Training for a half marathon requires time, dedication and willpower – but it is all worth it, because, for these 12 to 16 weeks, you can eat anything you want. Or can you? Although you are running between three and six days per week, depending on the intensity of your training plan and your goals, you do not have license to down a pint of ice cream and a bag of chips daily. You are still susceptible to gaining weight if you consume more calories than you burn. Gaining weight not only stretches your spandex, it slows you down come race day. The exact number of calories you need depends on several individual factors, but you can follow some general calorie rules when creating a meal plan and making dietary choices.
How many calories you need on a daily basis depends on your size, age, body composition, overall activity level and genetics. The larger you are, the more calories you need to maintain your weight. For example, a 125-pound woman burns 240 calories for 30 minutes running 12-minute miles, while a 155-pound woman burns about 298 calories. Older women tend to burn fewer calories than younger women, due to natural reduction of muscle mass and hormonal differences. Muscle takes more energy to maintain than fat, so having a low body fat percentage usually means you can afford more calories, too. What you do outside of your running training also influences your total calorie needs. If you sit in your office chair or opt for a spot on the couch watching reality television most hours of the day, you’ll need fewer calories than your competitor who leads an active life all day long. Genetics also plays a role in your calorie needs; some women’s engines simply burn through calories faster than others.
You can use an online calculator to roughly determine the number of calories you burn on a daily basis, without exercise. Be honest about how active you are outside of your run training to get a more accurate estimation. For most office jobs, sedentary or lightly active are apt descriptions. Active to highly active usually implies you have a job that keeps you on your feet, moving for several hours during the day, such as a waitress or construction worker. Compute your run training calorie burn and add that to your totals. For example, a 125-pound woman burns about 300 calories running for 30 minutes at a 6-mph pace. If you are running about 20 miles per week – approximately 3.5 hours -- you’ll burn an extra 2,100 calories total, or about 300 extra calories daily. You can add that 300 calories to your daily calorie burn to figure how much you can eat daily. A rough estimate for a woman aged 31 to 50 years running 20 miles per week is between 2,100 and 2,500 calories.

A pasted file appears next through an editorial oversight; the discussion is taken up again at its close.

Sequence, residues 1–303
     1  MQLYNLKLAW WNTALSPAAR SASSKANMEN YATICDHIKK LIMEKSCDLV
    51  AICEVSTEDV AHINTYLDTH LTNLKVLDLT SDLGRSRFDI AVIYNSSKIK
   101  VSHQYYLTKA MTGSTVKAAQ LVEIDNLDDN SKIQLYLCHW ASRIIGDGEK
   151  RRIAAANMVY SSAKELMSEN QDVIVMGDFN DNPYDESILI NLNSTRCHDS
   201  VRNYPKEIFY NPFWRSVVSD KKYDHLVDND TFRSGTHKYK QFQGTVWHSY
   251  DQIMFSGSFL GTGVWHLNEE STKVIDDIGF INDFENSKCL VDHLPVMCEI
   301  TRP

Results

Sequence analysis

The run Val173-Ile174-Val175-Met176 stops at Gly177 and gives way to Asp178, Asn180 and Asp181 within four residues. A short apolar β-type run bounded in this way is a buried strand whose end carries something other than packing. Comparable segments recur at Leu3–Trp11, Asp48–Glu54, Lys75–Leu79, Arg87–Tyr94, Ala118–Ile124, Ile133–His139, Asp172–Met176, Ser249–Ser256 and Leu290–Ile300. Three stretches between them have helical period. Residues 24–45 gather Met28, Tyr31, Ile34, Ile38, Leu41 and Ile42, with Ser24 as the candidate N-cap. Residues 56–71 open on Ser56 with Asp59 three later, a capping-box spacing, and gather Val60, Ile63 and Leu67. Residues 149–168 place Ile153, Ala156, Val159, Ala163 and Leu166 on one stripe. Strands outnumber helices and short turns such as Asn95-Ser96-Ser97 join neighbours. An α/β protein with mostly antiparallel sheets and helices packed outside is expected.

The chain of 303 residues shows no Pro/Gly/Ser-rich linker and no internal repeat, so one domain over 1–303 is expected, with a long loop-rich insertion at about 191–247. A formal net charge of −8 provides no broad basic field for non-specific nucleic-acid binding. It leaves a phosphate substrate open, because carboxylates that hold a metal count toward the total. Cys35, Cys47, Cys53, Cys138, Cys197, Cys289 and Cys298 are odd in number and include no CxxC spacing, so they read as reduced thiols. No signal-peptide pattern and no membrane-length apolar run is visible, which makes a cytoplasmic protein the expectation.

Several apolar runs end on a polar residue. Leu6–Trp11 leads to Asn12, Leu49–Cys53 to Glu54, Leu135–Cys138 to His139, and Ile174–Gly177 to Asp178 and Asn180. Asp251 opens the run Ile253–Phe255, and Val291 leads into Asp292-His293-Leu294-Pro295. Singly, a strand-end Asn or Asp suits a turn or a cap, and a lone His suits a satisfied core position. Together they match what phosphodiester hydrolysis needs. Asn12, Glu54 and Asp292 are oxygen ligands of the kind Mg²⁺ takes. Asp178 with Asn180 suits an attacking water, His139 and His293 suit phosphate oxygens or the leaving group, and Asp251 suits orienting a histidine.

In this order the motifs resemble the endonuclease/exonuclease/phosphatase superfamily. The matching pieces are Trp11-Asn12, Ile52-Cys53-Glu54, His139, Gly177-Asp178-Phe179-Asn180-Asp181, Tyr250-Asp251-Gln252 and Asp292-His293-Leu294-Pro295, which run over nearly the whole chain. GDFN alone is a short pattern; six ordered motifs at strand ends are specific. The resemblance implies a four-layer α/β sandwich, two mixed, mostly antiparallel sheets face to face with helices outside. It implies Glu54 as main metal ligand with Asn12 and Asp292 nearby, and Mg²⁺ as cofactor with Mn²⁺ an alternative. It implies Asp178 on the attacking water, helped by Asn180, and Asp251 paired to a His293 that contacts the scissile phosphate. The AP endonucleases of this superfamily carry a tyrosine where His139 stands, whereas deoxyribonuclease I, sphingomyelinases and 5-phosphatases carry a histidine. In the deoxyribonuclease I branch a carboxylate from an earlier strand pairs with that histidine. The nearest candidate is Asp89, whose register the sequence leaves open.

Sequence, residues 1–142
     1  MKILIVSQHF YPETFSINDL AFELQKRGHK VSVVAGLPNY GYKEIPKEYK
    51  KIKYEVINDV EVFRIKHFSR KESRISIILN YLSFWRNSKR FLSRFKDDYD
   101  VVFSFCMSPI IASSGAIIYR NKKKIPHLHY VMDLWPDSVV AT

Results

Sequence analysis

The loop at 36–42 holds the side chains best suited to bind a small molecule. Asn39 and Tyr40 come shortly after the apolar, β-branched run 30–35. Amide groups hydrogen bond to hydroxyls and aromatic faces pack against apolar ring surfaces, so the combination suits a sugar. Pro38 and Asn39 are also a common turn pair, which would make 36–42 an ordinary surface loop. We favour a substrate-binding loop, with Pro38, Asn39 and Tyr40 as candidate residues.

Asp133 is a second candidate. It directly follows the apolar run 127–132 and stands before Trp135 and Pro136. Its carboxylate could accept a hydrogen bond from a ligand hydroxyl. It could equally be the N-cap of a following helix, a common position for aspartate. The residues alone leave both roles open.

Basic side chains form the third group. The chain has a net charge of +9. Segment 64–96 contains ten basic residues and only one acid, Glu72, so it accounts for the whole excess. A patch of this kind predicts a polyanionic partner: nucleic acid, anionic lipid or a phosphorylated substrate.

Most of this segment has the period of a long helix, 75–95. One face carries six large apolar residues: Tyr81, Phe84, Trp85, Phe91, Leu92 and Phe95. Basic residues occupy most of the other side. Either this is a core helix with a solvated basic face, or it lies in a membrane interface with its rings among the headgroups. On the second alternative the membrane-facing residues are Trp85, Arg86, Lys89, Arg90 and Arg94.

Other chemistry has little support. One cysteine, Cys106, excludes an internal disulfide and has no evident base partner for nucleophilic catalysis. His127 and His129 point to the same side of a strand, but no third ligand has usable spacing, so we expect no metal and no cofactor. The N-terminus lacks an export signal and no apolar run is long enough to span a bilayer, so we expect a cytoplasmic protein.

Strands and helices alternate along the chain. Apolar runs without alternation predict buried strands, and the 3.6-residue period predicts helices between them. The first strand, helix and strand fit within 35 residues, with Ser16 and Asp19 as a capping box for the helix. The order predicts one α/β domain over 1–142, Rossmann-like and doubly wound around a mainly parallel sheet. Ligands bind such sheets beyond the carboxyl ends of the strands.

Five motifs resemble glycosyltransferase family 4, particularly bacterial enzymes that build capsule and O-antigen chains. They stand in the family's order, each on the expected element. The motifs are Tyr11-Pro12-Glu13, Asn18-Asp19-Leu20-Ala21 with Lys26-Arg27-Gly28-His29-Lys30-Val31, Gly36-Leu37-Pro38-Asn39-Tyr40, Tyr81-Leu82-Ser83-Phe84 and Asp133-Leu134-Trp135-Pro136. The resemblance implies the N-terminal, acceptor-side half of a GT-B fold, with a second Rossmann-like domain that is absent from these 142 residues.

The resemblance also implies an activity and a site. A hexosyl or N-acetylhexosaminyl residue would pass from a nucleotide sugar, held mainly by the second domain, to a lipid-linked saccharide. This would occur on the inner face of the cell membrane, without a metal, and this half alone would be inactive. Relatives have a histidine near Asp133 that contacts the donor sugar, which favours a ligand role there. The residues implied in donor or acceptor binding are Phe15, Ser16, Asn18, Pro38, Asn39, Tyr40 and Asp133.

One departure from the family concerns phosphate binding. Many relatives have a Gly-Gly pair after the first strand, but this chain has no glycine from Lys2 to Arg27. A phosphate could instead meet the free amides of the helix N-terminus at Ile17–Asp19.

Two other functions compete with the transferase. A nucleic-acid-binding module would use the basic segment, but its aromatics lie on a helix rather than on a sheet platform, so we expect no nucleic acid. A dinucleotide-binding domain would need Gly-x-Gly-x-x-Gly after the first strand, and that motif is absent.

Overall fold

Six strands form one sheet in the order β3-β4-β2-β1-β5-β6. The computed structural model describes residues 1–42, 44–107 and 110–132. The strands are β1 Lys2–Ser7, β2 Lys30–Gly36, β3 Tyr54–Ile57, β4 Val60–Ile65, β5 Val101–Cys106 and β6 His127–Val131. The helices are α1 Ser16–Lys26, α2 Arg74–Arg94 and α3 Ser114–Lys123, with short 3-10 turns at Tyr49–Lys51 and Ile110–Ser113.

Types of Calories
The type of calories you eat is as important as how many. Don’t be afraid of carbohydrates, which are your best fuel source when running. Consume at least 55 percent of your daily calories from healthy sources, such as whole grains, fruits, leafy greens and beans. You may indulge in easy-digesting carbohydrates, such as white bread and sugary gels, just before a long run to provide yourself with immediate fuel, but keep these to 10 percent or fewer of total calories. The rest of your calories should consist of 15 to 20 percent lean proteins, such as skinless chicken, flank steak, tofu and low-fat dairy, and 25 to 30 percent healthy fats from nuts, avocados and seeds.
If your intention in putting in all the miles is to drop a few pounds, resolve to do so slowly. Skimping too much on calories can leave you without the energy necessary to complete your goal training runs. A 1/2- to 1-pound per week rate of loss is acceptable and doable when training for a half marathon, so you’d trim your daily intake by 250 to 500 calories below what you burn. Don’t skimp on prerun fuel or postrun recovery foods, however, which could cause you to lose muscle mass rather than unwanted fat. If your run is scheduled two hours or more after your last meal, have a slice of fruit or half an energy bar before heading out. If your run lasts less than 90 minutes, you probably don’t need to load up on energy-sustaining calories during your session; this includes gels, energy chews and sports drinks. A run lasting longer than 90 minutes warrants these mid-run snacks to sustain your hydration, electrolyte and carbohydrate levels. Eat a meal containing a ratio of carbohydrates to protein of 4 to 1 after long runs lasting longer than 45 minutes. If you aren’t scheduled for a full sit-down dinner, have a snack, such as a smoothie made with bananas and whey protein or an apple with peanut butter.
Andrea Cespedes is a professionally trained chef who has focused studies in nutrition. With more than 20 years of experience in the fitness industry, she coaches cycling and running and teaches Pilates and yoga. She is an American Council on Exercise-certified personal trainer, RYT-200 and has degrees from Princeton and Columbia University.